I'm suggesting that, if there were no OTC market it would be less difficult (in principle) to have an idea of where the risk is.

On the other hand, it's in the OTC market where "financial innovation" takes place.

Can the last politician to go out the revolving door please turn the lights off?

by Migeru (migeru at eurotrib dot com) on Mon Jun 18th, 2007 at 05:14:04 PM EST
[ Parent ]
You don't need complex derivatives to blow yourself up.

Some hedge funds are taking huge positions on listed derivative markets. It's just that when they fail through listed markets the boom is spread a bit to the clearing exchange members and it happens earlier through margin calls.

Whereas in the OTC market you have only one counterparty that takes the boom (or a chain of counterparties).

AFAIK, there is no more regulatory reporting requirement in OTC than in listed.

Banks are supposed to monitor their risk and regulators supposed to monitor banks risk monitoring. If a bank blows up, the boom goes to in order:

  1. shareholders
  2. bondholders
  3. deposits of clients in the bank

Part 3 is you and me money. Did you get a dividend for the risk you're taking? :)
by Laurent GUERBY on Mon Jun 18th, 2007 at 05:35:55 PM EST
[ Parent ]
AFAIK, there is no more regulatory reporting requirement in OTC than in listed.

Do you mean no less regulatory requirement?

Can the last politician to go out the revolving door please turn the lights off?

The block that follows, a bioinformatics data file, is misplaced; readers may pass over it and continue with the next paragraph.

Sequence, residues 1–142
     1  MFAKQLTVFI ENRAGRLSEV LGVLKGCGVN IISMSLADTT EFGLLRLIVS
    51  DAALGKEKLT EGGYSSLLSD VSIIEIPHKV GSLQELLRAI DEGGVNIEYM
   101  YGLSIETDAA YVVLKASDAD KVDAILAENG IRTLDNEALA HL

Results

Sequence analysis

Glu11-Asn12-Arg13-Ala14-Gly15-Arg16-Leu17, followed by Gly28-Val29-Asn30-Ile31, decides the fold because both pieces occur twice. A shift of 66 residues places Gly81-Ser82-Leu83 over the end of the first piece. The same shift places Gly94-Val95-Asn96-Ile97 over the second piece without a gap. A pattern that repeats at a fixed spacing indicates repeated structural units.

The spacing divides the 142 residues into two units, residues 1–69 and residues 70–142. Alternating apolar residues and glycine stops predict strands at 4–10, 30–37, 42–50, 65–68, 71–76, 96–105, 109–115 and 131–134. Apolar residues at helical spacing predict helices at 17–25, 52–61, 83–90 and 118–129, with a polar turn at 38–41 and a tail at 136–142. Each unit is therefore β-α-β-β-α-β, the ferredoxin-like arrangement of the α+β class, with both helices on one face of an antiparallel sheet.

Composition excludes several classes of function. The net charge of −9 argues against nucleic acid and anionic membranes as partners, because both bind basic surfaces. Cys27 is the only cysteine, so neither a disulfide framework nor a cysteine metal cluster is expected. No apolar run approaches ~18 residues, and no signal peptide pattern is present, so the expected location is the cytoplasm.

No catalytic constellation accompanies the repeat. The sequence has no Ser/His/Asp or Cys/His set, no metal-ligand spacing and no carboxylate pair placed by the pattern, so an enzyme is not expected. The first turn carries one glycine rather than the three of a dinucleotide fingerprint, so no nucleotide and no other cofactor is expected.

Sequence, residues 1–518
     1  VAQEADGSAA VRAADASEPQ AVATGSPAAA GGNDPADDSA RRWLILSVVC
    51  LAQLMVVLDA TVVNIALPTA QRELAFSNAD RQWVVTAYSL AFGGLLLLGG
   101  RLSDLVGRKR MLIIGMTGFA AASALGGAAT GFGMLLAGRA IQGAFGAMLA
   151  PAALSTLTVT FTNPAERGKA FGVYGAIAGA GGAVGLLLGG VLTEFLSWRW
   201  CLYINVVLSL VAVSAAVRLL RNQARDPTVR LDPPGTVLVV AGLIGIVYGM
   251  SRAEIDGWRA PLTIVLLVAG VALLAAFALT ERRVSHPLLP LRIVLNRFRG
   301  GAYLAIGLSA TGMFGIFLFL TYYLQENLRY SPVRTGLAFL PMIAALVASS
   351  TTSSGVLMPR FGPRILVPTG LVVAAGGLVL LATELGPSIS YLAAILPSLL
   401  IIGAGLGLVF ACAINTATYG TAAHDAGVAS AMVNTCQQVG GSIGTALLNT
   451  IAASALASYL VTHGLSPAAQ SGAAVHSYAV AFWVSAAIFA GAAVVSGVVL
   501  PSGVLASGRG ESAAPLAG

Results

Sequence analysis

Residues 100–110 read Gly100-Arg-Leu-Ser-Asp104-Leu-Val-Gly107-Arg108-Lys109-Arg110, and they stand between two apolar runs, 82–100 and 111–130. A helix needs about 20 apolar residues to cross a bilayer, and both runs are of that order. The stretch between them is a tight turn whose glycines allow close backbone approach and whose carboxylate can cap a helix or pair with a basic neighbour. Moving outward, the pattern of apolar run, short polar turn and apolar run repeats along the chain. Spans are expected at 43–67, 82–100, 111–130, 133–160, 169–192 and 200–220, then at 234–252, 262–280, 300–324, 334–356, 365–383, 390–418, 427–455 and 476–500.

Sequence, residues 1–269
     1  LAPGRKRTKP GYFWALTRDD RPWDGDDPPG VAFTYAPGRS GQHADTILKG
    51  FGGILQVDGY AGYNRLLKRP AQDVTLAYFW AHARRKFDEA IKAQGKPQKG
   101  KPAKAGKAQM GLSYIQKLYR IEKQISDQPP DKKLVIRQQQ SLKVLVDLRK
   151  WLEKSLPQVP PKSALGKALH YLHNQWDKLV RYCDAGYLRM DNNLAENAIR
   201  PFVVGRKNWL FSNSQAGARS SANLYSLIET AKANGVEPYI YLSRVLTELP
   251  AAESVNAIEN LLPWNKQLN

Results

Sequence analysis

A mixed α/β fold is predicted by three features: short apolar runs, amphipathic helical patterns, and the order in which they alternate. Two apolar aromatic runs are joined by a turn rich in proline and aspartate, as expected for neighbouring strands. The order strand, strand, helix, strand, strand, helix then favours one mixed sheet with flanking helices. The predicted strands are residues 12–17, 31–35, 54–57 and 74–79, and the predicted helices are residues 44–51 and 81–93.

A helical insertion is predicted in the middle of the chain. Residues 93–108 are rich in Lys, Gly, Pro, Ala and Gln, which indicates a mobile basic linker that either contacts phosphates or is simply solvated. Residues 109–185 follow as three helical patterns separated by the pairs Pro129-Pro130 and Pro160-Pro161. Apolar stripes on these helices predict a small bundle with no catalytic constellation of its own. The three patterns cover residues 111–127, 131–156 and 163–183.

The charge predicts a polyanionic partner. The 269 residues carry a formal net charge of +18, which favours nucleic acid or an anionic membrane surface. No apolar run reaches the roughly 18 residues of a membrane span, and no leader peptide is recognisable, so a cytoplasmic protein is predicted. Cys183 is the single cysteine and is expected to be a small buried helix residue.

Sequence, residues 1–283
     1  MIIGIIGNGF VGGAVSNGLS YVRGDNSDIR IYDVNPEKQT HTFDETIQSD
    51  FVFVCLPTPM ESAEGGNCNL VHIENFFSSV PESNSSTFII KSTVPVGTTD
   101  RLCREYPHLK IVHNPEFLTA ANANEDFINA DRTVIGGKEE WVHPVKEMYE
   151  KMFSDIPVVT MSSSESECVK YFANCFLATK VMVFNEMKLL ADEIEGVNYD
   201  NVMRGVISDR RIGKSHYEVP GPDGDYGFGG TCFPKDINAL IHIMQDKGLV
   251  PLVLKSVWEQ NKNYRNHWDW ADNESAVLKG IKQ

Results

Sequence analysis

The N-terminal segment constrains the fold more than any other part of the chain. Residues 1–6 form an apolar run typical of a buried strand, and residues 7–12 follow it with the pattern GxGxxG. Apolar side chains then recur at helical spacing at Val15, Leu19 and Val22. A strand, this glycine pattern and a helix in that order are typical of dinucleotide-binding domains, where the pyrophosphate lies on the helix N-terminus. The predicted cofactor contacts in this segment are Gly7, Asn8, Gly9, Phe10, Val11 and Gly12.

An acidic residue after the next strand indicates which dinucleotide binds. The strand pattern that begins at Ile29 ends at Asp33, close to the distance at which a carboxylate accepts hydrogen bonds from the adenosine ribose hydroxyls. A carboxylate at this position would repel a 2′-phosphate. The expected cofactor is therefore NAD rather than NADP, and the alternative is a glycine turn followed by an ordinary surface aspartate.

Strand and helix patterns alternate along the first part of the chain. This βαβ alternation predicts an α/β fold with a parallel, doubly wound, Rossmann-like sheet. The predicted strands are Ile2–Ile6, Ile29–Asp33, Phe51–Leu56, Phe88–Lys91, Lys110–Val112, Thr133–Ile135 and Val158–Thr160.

by Migeru (migeru at eurotrib dot com) on Mon Jun 18th, 2007 at 05:39:00 PM EST
[ Parent ]
I mean it's the same reporting requirement.

OTC requirement = listed requirement.

by Laurent GUERBY on Mon Jun 18th, 2007 at 05:44:08 PM EST
[ Parent ]
I don't agree: some mortage CDO's, corporate index CDS, tranches thereof, and all sort of other MBS are all listed stuff with delirial risks. And they will be among the first hit by the subprime meltdown. And the amounts at stakes are openly known, and they are already frightening.

I dont' mean the OTC are not another (possibly bigger) time bomb, I mean it is possible to blow up the planet by taking risk on listed stuff alone, and it has already been done, that listed bomb is cocked ready to set off.

I've seen some CDS on baskets of corporate lenders in europe which, according to some basic industry-standad default event models (thoroughly untested outside of the highly benevolent period of low refinancing rates), have their price go from zero to full pay for changes of just 1 bp at a certain threshold value of the borrower's spread. These threshold values are just a percentage point away from the present rates.

If the corresponding (listed) CDO really fares like the model suggest (symmetric of its default swap), this is going to be ugly, and it will happen, not overnight, but in just weeks as bankruptcies pile up.